Among the best books I've read. Funny as all hell, and exactly the sort of funny I like. This is one of the few books I've read multiple times. EveryAmong the best books I've read. Funny as all hell, and exactly the sort of funny I like. This is one of the few books I've read multiple times. Every few years I get the itch to read it again. ...more
What to say about this book? It's one of the five best books I've ever read, and I think I've only met one person who considers it anything less thanWhat to say about this book? It's one of the five best books I've ever read, and I think I've only met one person who considers it anything less than one of the best books of the 20th Century. Is that enough to recommend it to you?
I also wrote about this book for The Millions last year. Everything I said then still stands. I can't wait to re-read this....more
William H. Gass writes eloquently about his desire to find his ideal reader, one who was perfectly suited to the material, the tone, the subject matteWilliam H. Gass writes eloquently about his desire to find his ideal reader, one who was perfectly suited to the material, the tone, the subject matter of his work. He writes for this reader, whoever he or she might be, probably never fully expecting to find such a creature. I am the ideal reader for The Art of Fielding. To wit, a Venn diagram:
I'm sure there are others out there, a secret brotherhood of ivy-loving, two-seamer fetishists, lurking in dank hallways dreaming about spring and middle relief. Perhaps that's why this book is so popular -- perhaps I'm not all that bizarre. It's comforting to think so, actually.
For a book that I was more or less put on this earth to read, The Art of Fielding took awhile to hook me. Partially, I felt that defensiveness that we all feel when someone tells us something is perfect for us, or so funny, or amazing. "Well, we'll see about that." I kept looking for the tiny flaws in the book, the places where my own knowledge of baseball surpassed Harbach's. And there were a few such moments -- it seems unlikely that a Venezuelan citizen like Aparicio Rodriguez would be a record holder at the NCAA level, for instance. A player of that lineage would likely have gone from a baseball academy to the minor leagues then on to the majors without ever setting foot in an Intro to American Lit class. But it's a small thing, and for the most part, Harbach clearly knows the game.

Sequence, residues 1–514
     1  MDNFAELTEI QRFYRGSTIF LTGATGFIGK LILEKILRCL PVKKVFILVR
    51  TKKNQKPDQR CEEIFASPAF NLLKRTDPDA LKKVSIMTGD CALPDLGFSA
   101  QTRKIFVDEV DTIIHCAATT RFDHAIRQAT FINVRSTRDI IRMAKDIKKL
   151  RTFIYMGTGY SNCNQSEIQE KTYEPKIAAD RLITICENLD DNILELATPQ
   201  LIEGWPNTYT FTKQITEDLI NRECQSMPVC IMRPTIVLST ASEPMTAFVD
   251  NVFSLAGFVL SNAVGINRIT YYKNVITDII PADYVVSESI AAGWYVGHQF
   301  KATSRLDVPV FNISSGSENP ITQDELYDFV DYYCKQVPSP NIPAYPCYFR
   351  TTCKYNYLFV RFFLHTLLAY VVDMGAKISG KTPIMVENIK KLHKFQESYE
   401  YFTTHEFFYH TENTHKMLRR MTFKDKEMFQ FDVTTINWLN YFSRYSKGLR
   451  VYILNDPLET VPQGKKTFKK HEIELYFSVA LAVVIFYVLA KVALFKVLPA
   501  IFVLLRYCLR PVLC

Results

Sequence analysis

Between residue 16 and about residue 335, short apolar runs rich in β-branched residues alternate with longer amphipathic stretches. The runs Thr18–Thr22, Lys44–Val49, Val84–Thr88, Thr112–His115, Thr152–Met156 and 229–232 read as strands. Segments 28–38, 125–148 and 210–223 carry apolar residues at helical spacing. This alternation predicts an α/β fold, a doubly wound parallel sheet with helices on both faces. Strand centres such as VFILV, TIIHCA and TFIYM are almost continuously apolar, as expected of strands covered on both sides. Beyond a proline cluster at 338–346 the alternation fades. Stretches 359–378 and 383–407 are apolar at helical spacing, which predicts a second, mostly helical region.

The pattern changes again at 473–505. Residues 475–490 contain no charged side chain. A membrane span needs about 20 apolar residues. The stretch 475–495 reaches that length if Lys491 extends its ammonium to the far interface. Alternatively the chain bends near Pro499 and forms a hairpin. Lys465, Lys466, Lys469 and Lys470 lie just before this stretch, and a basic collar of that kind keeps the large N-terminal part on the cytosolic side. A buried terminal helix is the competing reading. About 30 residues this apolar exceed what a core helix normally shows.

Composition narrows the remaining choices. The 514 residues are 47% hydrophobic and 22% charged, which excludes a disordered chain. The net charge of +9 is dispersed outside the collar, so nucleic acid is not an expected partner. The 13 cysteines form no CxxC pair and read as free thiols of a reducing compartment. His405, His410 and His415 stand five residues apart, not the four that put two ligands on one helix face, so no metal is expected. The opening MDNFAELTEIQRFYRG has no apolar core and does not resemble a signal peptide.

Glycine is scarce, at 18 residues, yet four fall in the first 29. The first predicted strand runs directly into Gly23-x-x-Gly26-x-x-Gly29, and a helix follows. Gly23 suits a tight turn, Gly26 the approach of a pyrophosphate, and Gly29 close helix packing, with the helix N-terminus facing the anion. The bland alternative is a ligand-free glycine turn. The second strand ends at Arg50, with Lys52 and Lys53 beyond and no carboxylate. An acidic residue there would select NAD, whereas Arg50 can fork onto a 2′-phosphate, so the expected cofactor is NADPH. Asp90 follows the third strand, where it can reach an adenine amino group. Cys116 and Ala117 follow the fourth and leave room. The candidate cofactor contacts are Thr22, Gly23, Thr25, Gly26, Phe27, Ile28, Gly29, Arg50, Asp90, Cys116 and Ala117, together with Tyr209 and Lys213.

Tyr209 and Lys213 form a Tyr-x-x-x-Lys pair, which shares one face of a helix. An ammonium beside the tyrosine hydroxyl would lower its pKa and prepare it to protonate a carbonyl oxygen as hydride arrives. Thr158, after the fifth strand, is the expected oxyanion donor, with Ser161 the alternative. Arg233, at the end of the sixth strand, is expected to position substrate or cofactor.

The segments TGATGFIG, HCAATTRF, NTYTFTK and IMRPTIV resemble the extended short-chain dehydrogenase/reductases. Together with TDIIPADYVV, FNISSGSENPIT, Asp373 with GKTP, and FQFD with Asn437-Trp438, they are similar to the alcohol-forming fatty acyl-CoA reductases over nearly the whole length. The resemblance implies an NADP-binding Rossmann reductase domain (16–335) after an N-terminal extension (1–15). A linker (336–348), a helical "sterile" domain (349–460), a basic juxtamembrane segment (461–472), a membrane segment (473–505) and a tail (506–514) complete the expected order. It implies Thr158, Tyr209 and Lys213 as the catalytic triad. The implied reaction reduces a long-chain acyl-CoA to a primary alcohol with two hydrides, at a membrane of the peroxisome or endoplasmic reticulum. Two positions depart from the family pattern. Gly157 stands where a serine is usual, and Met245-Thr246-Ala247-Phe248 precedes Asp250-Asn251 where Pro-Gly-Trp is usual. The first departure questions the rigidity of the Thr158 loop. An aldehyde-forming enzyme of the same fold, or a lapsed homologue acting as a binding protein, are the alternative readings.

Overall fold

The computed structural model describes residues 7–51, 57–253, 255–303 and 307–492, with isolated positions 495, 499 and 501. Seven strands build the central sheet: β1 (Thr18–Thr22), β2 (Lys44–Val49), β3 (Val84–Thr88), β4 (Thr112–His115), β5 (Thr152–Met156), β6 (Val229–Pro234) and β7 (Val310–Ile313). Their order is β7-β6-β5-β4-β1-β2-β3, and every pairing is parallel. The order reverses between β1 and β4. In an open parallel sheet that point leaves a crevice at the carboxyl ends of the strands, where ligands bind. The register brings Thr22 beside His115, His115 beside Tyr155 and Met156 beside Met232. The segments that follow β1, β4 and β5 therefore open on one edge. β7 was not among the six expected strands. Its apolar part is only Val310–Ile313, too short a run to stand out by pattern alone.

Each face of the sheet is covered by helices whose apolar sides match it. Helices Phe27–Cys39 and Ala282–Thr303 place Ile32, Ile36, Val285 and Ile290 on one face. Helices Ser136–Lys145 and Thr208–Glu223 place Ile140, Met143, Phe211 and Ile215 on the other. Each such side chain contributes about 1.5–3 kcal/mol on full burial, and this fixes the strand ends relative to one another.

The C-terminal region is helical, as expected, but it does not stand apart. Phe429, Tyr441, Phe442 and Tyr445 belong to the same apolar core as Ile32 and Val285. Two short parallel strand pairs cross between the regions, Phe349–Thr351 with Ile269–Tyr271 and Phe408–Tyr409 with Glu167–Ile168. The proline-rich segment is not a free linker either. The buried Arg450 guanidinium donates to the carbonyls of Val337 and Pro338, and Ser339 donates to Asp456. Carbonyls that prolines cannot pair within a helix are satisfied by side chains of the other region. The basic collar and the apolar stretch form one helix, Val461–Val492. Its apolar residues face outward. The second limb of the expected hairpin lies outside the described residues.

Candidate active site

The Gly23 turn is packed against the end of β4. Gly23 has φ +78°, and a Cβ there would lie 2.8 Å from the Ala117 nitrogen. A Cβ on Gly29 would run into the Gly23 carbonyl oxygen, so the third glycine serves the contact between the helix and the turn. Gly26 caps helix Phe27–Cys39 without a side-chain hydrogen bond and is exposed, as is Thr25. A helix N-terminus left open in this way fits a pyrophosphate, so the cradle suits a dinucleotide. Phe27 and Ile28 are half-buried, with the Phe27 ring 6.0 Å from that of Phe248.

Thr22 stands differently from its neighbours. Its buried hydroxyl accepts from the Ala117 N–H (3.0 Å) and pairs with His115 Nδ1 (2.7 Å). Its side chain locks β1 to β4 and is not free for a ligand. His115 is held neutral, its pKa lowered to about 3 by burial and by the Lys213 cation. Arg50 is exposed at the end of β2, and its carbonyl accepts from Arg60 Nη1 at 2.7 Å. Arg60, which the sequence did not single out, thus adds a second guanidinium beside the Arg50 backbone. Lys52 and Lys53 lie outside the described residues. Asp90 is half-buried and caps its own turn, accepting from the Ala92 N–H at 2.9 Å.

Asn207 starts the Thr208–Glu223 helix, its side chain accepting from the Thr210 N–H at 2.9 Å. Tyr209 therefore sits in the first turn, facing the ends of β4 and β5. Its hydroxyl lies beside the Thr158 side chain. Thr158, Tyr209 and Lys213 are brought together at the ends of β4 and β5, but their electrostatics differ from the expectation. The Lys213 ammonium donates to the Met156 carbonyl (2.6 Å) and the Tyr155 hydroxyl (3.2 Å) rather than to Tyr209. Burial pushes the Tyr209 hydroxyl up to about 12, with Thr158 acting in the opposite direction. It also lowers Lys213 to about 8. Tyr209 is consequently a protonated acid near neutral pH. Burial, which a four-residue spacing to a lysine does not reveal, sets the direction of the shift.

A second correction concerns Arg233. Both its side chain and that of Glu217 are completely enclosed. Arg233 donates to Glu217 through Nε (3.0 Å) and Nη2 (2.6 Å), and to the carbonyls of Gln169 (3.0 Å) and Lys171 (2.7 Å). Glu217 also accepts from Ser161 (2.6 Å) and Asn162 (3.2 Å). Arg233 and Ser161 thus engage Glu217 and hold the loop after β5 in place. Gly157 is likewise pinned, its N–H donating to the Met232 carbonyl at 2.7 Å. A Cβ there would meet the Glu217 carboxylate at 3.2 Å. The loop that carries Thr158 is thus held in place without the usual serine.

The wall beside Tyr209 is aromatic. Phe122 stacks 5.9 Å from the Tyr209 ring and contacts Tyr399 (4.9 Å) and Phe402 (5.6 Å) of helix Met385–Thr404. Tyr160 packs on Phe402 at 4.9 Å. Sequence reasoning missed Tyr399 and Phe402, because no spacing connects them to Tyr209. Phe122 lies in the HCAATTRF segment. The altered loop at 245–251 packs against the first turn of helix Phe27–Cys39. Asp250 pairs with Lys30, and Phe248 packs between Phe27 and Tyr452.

What tripped me up more was the tone of the book. It has a nostalgic mood, one that sometimes felt at odds with the book's humor or irony. As I noted early on, the novel felt like it took place in the 1950s but with iPhones. In a way, it reminded me of another great baseball novel, The Brothers K. But where that book took place in the 50s and 60s, The Art of Fielding happens, more or less, now. The result is a sort of unreality, the feeling that the book takes place in a world much like ours, but not ours at all.
Adding to this feeling are the sometimes outlandish names. There's Guert Affenlight, the president of Westish College, the location of most of the action in the book. His name is the first of many Melville allusions in the book (Guert Gansvoort was a commodore in the US Navy and a cousin of Herman Melville's, or so Google tells me). Henry Skrimshander (another Melville allusion). Adam Starblind, Craig Suitcase, Pella Affenlight, and on and on. Even Aparicio Rodriguez, an odd portmanteau of shortstops, seemed labored. It's hard naming characters, I imagine, and I appreciate a well-named one, like Le Carre's, but sometimes these felt a bit too interesting. I was happy whenever Mike Schwartz appeared on the page, simply for his sturdy workmanlike name.
And despite all of this, I loved this book. It started with Mike Schwartz, a character I wanted to know, wanted, at times, to be. It probably stems from my infatuation with athletes who hit their ceilings at the high school or college level. I'm talking about people who can play well and sometimes even dominate at a lower level but are not good enough to go pro (or on to college, depending). They're poetic creatures, these athletes, and Harbach has created a great one in Schwartz. He's a moral compass, an anchor for his otherwise somewhat light story, and the beating heart of this novel. Much like his name, he felt the most real of any of the characters in the book. He broke my heart.
Guert Affenlight, despite his unwieldy name, came to life, as well. My favorite chapter of the book is probably Affenlight's backstory, how he discovers the transcript of a rare Melville lecture that sets him on the path that would be his life. It reminded me a bit of Stoner, by John Williams, another great campus novel. Affenlight finds more love in his life than Bill Stoner, thank god, and when the novel begins, he's fallen for a boy named Owen Dunne, another baseball player, and Henry's roommate. I know that others have had trouble with Affenlight's plot, deeming it unrealistic, but I found it to be among the more moving parts of the book. I don't know how often men who've been straight their whole lives become gay, but I believed it of Affenlight. And his struggle to navigate his love not just for Owen and his daughter Pella but for Westish College, as well, was engaging throughout.